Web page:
Posted on Mar 03, 2018, 12 a.m.
Transient ischemic attacks are a temporary cardiovascular episode that can have serious and dangerous repercussions, making it important to understand underlying causes and symptoms.
Transient ischemic attacks are commonly known as mini strokes. Transient ischemic attacks cause neurological dysfunction due to a temporary loss of blood flow to the focal brain, retina, or spinal cord. The attack is temporary sometimes lasting no more than a few seconds or minutes compared to a stroke that is caused by a blood clot blocking part of the blood flow to the brain.
Cause of transient ischemic attacks are a buildup of plaque in the arteries known as atherosclerosis, causing a blockage that can slow down blood flow and cause a transient ischemic attack or cause a clot to form and move towards the brain from another area of the body. Typically there is not any permanent damage as a result of transient ischemic attacks, but it can be a warning sign that you are at risk for strokes and other cardiovascular issues. 1 in 3 people who have an attack will eventually have a stroke, with over half of those being within a year.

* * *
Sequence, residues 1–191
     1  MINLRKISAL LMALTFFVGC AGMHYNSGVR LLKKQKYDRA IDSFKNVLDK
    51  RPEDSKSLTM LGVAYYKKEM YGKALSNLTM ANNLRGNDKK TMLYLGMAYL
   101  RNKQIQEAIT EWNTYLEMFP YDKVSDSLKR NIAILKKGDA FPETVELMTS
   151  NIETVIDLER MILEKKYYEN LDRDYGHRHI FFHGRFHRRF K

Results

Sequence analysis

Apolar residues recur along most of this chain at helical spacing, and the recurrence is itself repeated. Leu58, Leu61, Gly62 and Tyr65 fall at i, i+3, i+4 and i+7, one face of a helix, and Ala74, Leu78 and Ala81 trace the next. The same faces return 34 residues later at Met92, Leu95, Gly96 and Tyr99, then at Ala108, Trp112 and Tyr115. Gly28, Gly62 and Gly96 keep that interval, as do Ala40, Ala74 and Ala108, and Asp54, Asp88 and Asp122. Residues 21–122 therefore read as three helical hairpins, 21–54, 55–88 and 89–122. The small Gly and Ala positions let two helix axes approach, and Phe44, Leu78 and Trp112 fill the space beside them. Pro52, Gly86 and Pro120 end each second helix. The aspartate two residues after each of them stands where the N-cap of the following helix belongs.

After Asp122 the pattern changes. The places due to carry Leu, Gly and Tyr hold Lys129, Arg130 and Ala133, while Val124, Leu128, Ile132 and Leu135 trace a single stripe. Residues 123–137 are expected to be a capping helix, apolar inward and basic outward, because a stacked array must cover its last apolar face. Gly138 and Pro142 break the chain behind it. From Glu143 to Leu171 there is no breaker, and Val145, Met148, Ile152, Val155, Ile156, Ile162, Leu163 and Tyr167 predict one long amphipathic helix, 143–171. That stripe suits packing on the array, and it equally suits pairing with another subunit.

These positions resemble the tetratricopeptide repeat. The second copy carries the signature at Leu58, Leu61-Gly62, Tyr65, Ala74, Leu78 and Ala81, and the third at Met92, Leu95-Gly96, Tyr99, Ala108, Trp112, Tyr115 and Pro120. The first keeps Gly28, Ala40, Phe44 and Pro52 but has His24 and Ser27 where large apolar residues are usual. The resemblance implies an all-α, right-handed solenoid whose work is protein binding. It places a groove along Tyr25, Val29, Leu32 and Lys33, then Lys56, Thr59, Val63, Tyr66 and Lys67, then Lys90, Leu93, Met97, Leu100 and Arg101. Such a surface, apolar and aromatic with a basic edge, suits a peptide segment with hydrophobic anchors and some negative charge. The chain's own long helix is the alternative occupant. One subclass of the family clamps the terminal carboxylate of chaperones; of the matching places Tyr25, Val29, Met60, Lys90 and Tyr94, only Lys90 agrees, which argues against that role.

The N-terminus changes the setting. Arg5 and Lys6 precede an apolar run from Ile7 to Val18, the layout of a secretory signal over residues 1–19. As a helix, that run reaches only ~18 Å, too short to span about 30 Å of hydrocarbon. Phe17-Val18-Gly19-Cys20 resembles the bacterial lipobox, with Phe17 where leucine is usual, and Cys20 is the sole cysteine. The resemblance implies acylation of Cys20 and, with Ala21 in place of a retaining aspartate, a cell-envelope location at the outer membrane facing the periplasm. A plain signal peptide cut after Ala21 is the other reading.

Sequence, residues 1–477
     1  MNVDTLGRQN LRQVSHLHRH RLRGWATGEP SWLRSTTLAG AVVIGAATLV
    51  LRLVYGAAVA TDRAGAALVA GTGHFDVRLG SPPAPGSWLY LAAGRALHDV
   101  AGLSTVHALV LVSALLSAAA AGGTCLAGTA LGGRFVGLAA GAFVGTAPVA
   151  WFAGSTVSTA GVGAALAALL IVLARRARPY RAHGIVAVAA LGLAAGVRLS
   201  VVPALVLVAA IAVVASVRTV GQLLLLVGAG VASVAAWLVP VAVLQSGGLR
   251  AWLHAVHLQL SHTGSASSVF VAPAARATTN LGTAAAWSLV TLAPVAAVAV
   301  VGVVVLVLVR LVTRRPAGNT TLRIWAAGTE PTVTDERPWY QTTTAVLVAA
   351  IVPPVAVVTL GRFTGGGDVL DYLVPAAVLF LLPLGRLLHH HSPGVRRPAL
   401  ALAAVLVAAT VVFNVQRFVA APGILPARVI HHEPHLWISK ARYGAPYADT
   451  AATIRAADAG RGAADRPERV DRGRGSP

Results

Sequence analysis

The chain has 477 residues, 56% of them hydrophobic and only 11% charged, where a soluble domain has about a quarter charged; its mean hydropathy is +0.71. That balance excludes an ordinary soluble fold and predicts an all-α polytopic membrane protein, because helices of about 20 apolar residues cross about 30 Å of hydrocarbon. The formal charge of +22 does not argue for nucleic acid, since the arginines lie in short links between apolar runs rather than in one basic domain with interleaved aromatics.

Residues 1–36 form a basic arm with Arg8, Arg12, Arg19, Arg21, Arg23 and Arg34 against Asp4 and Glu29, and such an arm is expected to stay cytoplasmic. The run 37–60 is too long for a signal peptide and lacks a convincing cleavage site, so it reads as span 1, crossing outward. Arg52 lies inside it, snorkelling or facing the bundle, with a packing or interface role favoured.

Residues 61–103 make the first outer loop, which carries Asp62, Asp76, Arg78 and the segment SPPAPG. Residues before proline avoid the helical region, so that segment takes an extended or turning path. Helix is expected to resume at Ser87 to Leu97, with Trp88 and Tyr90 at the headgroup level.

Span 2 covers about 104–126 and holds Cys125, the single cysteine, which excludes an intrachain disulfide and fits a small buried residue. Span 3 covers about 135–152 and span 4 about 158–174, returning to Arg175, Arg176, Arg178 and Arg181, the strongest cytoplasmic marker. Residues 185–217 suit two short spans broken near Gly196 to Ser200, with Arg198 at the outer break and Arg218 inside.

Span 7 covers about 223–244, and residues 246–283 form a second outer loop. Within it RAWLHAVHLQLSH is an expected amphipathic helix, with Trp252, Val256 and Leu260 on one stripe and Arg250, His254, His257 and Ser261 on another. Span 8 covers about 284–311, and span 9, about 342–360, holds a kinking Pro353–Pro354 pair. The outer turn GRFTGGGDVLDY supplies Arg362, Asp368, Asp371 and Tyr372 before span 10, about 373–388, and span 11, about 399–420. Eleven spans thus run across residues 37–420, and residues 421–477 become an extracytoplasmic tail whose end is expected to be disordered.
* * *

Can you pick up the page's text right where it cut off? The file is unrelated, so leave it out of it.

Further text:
Some of the risk factors for transient ischemic attacks include a family history of strokes, age, race, high blood pressure, previous history of cardiovascular problems, sickle cell disease, high cholesterol, obesity, diabetes, and lifestyle factors such as smoking, physical inactivity, heavy alcohol consumption, poor nutrition, drugs, and birth control.
Symptoms of a transient ischemic attacks are trouble with vision, speech impediments, inability to focus, weakness, sudden confusion, sudden severe headache with no known cause, dizziness and balance issues, and numbness or contralateral paralysis. Symptoms can last for as little as 5 minutes and can last up to 24 hours, but the effects are always temporary. When symptoms first occur it can appear to be just like a stroke which is why it is so alarming to people.
If you experience an transient ischemic attack you should call 911 and seek medical attention right away as they can happen in rapid succession and be a precursor to a full stroke or heart attack.
Materials provided by:
The Mayo Clinic
Note: Content may be edited for style and length.